A move toward expanding school choice is expected to come up during this legislative session because both Gov. Brian Kemp and Lt. Gov. Geoff Duncan campaigned on the issue.
School choice can range from private to charters to magnet schools. Each are funded differently.
The lieutenant governor drew attention to a school choice option during his second week in office with a visit to Atlanta Youth Academy, a school accustomed to visitors.
“Andrew Young has walked these halls,” said Principal Peter Rooney. “Stacy Abrams has walked these halls. Hunter Hill has walked these halls. The first lady (Sandra Deal) has come to read to the students. Having the lieutenant governor was a treat, it was one more way for our students to know that what they’re doing here is important."
Duncan visited this small, Christian school on his second week on the job during National School Choice Week.
“We’re a Christian school," Rooney said. "We’re a small Pre-k to 8th-grade school with 15 students per grade."
AYA is located in an economically distressed area of southeast Atlanta — Thomasville Heights — and has produced academically successful students for 21 years.
“So, 100 percent of our kids who leave here in the 8th grade go on to high school, and they graduate from high school. Our kids are in homes about 80 percent single parent. Our median income would be about $23,000 a year, and every single family with children here pays tuition. They pay 8 percent of their household income,” Rooney said.
On average, parents contribute about $160 a month toward tuition. The rest of the school’s $14,000 per pupil cost comes from donors, fundraising, and the Private School Tax Credit which allows taxpayers to donate to Georgia’s School Scholarship Organization or SSO.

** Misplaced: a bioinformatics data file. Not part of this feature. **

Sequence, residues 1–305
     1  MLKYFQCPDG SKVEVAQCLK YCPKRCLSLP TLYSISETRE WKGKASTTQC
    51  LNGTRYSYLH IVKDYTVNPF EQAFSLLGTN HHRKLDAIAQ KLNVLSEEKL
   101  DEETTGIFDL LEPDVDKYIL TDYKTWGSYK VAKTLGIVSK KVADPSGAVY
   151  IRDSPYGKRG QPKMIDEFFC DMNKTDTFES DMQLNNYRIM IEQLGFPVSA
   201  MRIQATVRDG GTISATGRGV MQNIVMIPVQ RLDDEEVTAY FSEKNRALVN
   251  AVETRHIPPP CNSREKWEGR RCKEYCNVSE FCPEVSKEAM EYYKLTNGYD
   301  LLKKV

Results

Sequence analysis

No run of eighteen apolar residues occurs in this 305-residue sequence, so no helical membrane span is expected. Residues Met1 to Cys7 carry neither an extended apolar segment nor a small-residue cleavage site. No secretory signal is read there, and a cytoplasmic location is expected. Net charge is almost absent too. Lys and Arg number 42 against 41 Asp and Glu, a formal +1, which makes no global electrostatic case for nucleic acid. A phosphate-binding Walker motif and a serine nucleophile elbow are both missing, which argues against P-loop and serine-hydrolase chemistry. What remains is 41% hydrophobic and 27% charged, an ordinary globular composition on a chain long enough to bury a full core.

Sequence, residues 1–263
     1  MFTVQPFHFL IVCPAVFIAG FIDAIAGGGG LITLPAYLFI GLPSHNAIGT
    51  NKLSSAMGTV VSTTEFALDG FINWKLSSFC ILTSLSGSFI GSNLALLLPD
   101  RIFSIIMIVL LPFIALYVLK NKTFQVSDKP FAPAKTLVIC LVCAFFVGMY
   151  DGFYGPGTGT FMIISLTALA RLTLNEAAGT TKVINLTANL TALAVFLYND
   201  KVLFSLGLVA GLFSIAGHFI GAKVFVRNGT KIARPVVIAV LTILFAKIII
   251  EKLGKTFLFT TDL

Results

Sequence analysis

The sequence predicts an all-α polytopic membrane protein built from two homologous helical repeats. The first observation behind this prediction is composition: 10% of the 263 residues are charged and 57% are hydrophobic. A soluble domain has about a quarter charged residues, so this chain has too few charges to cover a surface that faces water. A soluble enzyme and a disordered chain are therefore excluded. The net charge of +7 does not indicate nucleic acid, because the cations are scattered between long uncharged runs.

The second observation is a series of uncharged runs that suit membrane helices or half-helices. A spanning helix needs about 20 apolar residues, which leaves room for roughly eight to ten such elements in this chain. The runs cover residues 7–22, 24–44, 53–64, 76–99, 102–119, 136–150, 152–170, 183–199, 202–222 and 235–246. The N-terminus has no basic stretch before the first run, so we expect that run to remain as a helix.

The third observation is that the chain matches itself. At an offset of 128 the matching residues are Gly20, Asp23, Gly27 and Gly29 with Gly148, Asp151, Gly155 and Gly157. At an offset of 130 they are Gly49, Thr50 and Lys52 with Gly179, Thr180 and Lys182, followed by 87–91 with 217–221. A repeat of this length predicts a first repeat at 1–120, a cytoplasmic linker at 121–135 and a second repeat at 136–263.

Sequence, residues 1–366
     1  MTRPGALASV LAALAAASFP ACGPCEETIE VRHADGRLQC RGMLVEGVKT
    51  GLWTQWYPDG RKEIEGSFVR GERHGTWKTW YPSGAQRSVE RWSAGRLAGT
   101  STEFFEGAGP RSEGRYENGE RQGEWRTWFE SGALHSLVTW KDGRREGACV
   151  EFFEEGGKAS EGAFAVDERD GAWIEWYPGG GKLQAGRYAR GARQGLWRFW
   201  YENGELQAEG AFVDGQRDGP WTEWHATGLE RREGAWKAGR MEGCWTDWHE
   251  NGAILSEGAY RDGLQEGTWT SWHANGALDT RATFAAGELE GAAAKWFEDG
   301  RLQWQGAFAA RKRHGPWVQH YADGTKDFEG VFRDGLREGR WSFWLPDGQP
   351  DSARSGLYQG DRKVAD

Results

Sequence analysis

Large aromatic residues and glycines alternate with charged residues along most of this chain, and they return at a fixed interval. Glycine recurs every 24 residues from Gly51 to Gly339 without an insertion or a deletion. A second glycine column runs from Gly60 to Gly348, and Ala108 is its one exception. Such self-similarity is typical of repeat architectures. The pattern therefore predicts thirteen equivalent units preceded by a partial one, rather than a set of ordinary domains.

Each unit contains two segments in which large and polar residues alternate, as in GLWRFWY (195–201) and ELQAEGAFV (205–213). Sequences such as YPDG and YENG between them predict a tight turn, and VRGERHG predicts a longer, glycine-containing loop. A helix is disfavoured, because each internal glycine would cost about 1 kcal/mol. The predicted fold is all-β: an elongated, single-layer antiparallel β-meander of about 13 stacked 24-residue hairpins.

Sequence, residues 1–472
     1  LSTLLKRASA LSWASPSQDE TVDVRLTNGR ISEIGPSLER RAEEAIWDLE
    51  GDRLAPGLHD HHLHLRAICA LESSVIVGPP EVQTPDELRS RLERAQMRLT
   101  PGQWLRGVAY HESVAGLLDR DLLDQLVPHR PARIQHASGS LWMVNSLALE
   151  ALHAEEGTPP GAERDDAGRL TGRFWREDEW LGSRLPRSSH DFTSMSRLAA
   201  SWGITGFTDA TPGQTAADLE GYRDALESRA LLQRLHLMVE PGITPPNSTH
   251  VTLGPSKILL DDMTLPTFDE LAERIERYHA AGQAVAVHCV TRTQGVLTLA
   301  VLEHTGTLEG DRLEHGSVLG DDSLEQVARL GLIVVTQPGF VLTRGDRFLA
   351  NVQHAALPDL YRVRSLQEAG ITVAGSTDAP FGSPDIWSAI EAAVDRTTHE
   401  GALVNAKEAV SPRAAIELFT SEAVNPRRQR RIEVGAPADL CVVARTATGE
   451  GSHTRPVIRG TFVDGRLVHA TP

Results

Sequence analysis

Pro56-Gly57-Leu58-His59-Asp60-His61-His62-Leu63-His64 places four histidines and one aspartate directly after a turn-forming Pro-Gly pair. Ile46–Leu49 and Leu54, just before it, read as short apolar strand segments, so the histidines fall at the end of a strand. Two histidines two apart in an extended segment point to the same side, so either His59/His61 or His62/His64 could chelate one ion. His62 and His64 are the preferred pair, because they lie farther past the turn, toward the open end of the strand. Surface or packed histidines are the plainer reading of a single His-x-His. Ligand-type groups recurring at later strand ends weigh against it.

“Through two SSO’s we received about 15 percent of our budget. I’m proud of our state. I think they are exploring all the options,” said Rooney.
Taxpayers donate to SSOs in exchange for dollar-for-dollar tax credits for their donation, up to a certain amount. Then, the SSOs give scholarships to students to go to private schools like AYA.
Critics say SSOs amount to subsidies, even though they are in the form of tax credits. Opponents say the credits take money away from public education, health care or other services.
Rooney says the scholarship program changes lives and proudly talks about many of the graduates, including a young man now in Howard University Law School.
“He had a great experience here. He had a great experience at Westminster. He got a great degree at Emory, but now he’s a law student at Howard,” said Rooney.
Of another student, he said the Ph.D. candidate at Penn State "had a great career here and then at Lovett, and then at Auburn, and then grad school overseas with the Fulbright program," Rooney explained. "Why wouldn’t all kids have the opportunity for an excellent education?"